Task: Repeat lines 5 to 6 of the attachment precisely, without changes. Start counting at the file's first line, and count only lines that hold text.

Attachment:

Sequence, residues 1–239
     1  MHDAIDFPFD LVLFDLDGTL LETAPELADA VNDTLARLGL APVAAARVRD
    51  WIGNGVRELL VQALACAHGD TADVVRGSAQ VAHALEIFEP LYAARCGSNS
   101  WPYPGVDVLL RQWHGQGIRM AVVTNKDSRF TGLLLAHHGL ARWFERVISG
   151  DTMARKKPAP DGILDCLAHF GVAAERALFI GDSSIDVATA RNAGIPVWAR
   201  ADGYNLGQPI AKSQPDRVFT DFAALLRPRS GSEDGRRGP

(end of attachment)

   151  DTMARKKPAP DGILDCLAHF GVAAERALFI GDSSIDVATA RNAGIPVWAR
   201  ADGYNLGQPI AKSQPDRVFT DFAALLRPRS GSEDGRRGP